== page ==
Koons c. Italie (Requ?te No 68183/01)

INCADAT legal file Hague parental abduction

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The case concerned a child born in the USA in 1992. The parents’ marriage had been troubled very soon. As early as 27 December 1993, when in Rome with his mother, the child was taken to the USA by his father, who immediately applied for divorce and custody there. The mother travelled to New York.
In January 1994, a New York court awarded provisional joint custody to the parents and held that the child would reside in New York. In June, the mother took the child with her to Italy. In December 1994, the New York court ordered a divorce, awarded custody to the father and confirmed that the child should reside in New York. The father applied for the child’s return, claiming that he had taken him to New York because the mother had left him in Rome to take part in an erotic show.
On 6 April 1995, the President of the Rome Court of first instance, upon a petition for divorce and custody from the mother, held that the 1980 Hague Child Abduction Convention was inapplicable since it was not yet in force in Italy, and awarded custody of the child to the mother provisionally, with the father having a right of access exercisable in Italy only. On 3 October 1997, after a quashing by the Supreme Court, the Rome Court of first instance held the mother’s petition to be inadmissible on the grounds that the parties were already divorced by the New York ruling of December 1994.
The Court of Appeal of Rome, to which the father had applied in the meantime for exequatur of the US divorce judgment, dismissed the application in July 1995 on grounds of inconsistency of the judgment with public policy.
The mother once again petitioned for divorce in Italy. On appeal, the Court of Appeal of Rome considered in July 1998 that even though the experts hinted that the father was “best suited to provide the child with a background of relationships in which he might live and grow”, neither parent was blameless and decided that it would be less traumatic for the child to be entrusted to the mother since he had been living with her for several years. The father’s appeal to the Supreme Court was dismissed.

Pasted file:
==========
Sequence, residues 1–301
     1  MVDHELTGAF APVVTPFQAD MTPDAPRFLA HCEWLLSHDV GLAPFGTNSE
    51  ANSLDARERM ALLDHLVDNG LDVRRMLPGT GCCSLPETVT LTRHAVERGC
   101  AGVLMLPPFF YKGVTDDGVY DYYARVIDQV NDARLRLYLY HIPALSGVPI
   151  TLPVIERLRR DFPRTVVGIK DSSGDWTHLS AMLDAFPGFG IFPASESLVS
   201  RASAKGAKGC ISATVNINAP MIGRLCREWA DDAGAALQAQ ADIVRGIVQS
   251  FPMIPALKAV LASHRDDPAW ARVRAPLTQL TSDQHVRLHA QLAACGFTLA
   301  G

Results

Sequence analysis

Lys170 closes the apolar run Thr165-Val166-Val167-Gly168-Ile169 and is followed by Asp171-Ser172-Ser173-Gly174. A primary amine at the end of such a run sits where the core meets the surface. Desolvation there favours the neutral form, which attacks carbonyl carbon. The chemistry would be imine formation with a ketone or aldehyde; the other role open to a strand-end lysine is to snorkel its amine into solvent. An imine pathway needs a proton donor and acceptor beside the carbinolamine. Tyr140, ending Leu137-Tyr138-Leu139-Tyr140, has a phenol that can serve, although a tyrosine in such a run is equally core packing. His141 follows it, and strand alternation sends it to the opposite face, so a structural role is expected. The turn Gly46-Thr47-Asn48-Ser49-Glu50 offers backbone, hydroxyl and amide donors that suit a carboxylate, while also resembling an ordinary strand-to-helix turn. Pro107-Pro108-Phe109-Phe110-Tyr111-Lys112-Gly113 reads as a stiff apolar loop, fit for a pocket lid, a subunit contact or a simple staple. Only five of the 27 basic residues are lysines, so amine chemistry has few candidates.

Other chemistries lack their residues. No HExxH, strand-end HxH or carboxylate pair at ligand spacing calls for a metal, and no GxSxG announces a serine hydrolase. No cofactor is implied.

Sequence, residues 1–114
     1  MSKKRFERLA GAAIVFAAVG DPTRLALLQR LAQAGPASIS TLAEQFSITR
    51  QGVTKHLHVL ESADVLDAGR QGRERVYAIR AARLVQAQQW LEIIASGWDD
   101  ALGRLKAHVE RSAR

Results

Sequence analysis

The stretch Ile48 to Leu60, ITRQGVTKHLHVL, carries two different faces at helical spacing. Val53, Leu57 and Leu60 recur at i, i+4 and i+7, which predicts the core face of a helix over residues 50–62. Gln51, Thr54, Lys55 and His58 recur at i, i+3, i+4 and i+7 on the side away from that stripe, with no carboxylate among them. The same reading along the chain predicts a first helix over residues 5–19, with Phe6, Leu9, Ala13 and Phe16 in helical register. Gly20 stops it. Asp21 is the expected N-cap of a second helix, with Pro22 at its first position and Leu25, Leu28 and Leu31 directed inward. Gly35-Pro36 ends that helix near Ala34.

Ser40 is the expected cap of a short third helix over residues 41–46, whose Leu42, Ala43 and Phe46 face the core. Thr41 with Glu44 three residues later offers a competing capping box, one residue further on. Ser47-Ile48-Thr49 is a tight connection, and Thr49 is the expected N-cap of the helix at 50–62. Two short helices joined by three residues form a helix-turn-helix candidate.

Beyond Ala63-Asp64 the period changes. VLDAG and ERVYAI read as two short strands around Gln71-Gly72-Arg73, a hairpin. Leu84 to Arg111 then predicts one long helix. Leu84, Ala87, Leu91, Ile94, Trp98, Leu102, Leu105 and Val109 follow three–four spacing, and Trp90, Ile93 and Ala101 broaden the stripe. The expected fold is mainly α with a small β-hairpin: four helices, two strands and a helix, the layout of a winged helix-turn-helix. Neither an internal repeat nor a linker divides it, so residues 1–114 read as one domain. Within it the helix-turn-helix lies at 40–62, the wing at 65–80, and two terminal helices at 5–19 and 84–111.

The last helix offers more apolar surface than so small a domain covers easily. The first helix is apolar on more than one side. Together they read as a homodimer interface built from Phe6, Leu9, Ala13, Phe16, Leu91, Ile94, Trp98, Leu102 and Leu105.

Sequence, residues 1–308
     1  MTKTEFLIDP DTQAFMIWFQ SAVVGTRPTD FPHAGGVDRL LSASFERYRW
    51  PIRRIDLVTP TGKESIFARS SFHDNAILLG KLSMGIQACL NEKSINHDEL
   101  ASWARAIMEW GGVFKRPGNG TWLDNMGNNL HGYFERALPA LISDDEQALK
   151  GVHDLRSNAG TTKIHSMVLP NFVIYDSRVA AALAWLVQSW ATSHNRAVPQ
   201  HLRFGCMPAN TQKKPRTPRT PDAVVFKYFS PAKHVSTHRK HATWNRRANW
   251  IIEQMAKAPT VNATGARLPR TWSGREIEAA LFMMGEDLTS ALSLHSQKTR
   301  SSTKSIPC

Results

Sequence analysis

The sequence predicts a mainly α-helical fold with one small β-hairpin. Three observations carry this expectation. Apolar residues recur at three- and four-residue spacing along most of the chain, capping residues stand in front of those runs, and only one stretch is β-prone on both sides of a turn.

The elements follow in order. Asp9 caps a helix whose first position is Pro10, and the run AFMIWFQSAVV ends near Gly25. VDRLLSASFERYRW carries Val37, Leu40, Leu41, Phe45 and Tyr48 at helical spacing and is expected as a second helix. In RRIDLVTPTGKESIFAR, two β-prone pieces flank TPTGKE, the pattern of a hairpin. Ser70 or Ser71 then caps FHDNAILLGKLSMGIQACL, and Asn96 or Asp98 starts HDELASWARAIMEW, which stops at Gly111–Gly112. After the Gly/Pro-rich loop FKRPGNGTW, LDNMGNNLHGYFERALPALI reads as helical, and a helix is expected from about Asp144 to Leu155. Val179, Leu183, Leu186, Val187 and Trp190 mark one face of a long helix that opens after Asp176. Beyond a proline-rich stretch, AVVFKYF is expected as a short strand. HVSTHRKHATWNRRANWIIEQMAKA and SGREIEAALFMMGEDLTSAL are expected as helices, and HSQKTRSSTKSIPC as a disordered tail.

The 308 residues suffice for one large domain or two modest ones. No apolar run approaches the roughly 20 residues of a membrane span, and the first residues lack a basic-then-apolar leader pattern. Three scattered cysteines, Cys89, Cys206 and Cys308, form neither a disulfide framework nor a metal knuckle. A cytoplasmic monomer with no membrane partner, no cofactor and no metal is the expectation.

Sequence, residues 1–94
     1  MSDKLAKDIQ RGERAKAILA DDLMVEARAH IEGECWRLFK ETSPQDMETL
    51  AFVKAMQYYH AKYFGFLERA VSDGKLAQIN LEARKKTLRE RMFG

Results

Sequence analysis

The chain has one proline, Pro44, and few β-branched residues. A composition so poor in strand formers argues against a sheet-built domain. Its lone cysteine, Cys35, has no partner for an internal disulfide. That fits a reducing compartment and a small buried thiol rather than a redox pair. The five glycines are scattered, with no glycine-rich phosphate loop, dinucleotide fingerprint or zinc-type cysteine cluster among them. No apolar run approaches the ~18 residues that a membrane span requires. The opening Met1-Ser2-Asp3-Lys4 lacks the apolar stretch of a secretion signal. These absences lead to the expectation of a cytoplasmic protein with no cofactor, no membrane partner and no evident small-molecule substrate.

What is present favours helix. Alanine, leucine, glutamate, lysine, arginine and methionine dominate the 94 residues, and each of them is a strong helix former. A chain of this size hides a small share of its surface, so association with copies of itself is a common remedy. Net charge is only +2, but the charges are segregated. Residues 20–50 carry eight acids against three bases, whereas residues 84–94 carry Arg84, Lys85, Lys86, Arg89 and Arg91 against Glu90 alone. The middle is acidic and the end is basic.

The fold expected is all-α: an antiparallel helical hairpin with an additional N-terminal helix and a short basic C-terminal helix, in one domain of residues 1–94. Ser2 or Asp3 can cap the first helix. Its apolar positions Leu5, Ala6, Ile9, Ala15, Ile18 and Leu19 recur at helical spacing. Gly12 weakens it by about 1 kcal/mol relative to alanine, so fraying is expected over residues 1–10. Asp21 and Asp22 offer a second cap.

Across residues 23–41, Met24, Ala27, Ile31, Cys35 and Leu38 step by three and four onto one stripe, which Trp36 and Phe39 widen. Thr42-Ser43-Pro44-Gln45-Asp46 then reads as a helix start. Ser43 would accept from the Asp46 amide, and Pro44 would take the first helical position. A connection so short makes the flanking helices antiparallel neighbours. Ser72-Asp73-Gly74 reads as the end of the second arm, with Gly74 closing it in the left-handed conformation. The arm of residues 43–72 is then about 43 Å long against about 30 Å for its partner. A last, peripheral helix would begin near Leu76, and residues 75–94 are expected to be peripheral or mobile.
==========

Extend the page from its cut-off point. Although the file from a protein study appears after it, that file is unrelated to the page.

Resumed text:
In 1993 and 1994, the father had brought criminal complaints against the mother for breach of the duty of family assistance and abduction. The mother was finally convicted on the charge of abduction.
As the mother denied the father access to the child, in breach of the terms of the order of July 1998, the father initiated criminal proceedings against her in 2002 for deliberate failure to execute a court order – the outcome of those proceedings was unknown to the European Court of Human Rights (ECrtHR). The father also brought proceedings for forfeiture of parental authority owing to the obstacles she raised between his son and him. His claim was dismissed on appeal.
The father, in other proceedings, applied for amendment of the terms of custody. The Court ordered in April 2003 placement of the child with the public agencies, his residence being maintained with his mother. The father appealed and petitioned for the hearing scheduled for February 2004 to be moved forward to September 2003 as the mother continued to impede exercise of his parental authority.
In November, the Court of Appeal of Rome held that the municipality should obtain information concerning the child’s placement, and adjourned the case to February 2004. After a series of postponements due to attempted amicable settlement, the Court of Appeal held on 30 October 2006 that the custody entrusted to the social services had failed “in terms both of monitoring of the child’s development and of the prospect of closer relations with the [father]”.
It added that the atmosphere of perpetual conflict between the parents and their lack of willingness to collaborate caused it to rule out the possibility of shared custody. Having regard to the child’s age and his wish to remain with the mother, the Court regarded it as logical to exclude the child’s placement with the father and added that a further attempt at mediation would be a source of stress for the child.